By: Sammy Y. Sabello, Teacher II, COBNHS-JHS
The pandemic represents a rare but narrow opportunity to reflect, reimagine and reset our education.
As Philippines fought against COVID-19 pandemic, so as the whole world. It stood still as many businesses shut down, travels restrained, and education halted. Reasonably, our government needed to seek alternative means to continue learning of our students amid the pandemic. Yet, it became unlikely, as a matter of fact, deadly, to conduct face-to-face classes because of the fleeting spread of the virus.
Expectedly, as resilient as we are even in the past, our situation led us to think of other ways to continue education, and that is by means of utilizing e-learning as an advent of a more accessible technology. Though some teachers already flipped their classrooms even before the pandemic, not only it became trendy, but also turned out to be a necessity. Administrators, policy makers, curricularists and other specialists may say that this pandemic gave way to innovations in education, but, at what stake?
Not every student has access to gadgets that could be used for remote learning. This was the primary concern, besides parents who had to teach them after coming home from work, and the mental distress they experienced caused by isolation from people outside to control the virus from spreading. This also caused teachers tremendous shock of absorbing the “new normal” of teaching. They were pushed to their limits: financially, mentally, and physically. They were given two choices only. Either teachers had to buy laptops and other gadgets, upgrade their internet access, purchase or avail promos of educational apps and tools beyond their meager salary to teach online or, like sentinels, they had to be deployed in schools or even in barangays to distribute modules in which they were promised to be ready on time, yet they were also the ones to print and produce in the end. This has gone for more than two years.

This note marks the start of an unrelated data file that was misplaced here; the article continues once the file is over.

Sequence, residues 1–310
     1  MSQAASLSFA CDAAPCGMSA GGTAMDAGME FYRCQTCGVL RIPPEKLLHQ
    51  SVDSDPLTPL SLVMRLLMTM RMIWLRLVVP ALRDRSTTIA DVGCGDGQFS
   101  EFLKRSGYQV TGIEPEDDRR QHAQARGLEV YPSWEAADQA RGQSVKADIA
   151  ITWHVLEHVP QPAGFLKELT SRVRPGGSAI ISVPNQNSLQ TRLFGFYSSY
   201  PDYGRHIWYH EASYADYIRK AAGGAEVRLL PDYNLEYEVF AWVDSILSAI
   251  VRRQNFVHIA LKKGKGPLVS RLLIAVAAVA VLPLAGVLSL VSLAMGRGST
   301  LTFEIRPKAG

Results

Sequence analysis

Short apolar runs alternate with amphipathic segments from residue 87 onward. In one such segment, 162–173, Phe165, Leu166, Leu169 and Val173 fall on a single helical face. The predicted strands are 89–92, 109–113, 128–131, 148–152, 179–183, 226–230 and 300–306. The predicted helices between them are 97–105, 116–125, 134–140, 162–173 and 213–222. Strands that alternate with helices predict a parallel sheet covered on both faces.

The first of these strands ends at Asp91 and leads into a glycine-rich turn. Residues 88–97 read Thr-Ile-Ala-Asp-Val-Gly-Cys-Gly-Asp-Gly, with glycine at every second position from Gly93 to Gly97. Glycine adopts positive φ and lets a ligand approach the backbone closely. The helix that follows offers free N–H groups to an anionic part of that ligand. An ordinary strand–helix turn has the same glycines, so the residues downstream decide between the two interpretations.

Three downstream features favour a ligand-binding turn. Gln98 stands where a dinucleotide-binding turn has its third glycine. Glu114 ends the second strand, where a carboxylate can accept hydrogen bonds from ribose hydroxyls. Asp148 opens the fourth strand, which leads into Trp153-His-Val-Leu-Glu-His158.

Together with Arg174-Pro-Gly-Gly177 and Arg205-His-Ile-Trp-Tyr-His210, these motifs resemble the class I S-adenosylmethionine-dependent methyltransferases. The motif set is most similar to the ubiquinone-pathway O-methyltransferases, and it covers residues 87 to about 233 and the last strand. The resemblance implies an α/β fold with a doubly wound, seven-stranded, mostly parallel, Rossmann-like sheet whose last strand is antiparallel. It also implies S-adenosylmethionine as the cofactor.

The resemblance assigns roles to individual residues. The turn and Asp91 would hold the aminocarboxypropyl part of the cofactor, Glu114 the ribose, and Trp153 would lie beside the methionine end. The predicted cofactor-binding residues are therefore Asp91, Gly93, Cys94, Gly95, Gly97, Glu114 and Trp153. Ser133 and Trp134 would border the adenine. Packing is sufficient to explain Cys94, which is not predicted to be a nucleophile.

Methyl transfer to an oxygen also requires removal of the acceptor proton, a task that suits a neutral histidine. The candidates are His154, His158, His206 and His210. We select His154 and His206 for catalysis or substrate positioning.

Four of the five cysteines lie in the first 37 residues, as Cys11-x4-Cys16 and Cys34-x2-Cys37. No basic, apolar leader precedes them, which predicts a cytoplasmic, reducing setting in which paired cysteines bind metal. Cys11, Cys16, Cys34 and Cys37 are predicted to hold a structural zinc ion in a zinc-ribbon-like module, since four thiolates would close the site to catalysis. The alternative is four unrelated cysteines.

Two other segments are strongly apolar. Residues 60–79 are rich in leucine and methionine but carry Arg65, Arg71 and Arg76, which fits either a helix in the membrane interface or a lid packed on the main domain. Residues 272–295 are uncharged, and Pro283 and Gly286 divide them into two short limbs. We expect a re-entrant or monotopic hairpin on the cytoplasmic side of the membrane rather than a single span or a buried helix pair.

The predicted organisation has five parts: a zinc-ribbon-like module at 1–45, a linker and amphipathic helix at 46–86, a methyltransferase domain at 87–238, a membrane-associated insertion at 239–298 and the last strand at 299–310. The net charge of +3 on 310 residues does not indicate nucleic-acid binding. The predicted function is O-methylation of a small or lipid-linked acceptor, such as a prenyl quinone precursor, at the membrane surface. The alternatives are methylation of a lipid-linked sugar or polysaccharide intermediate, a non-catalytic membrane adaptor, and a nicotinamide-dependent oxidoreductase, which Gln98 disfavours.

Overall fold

But as our situation became lighter, limited face-to-face classes with social distancing protocols along with countermeasures such as temperature scanners and proper hygiene practices was imposed to continue the much-needed education once again. But another problem arises: within those two years, it was discovered that children did not develop to their age-appropriate proficiency level especially in literacy and numeracy. As Robert Jenkins, UNICEF Chief of Education stated, “While the disruptions to learning must end, just reopening schools is not enough. Students need intensive support to recover lost education. Schools must also go beyond places of learning to rebuild children’s mental and physical health, social development and nutrition.” And this is the reality that we must face together, head on.
In conclusion, we may say that the pandemic gave rise to innovations and advancements in the educational system. We may also say that family relationships even grow fonder. Still, the end-users who are our students, must endure most of the consequences. Nevertheless, the pandemic is no one’s fault, and education must not be compromised. It may sound an ambitious goal to overcome the learning losses at this time, but we can still transform our perspectives to adjust to the demands of our instructional practice to recover these losses. To our policy makers and education specialists, you may consider developing the curriculum to match what our learners really need. And for us teachers, we must thrive, maintain the grit at the core, sustain a sense of motivation and commitment despite the challenges of this pandemic and feeling a sense of hope for our future.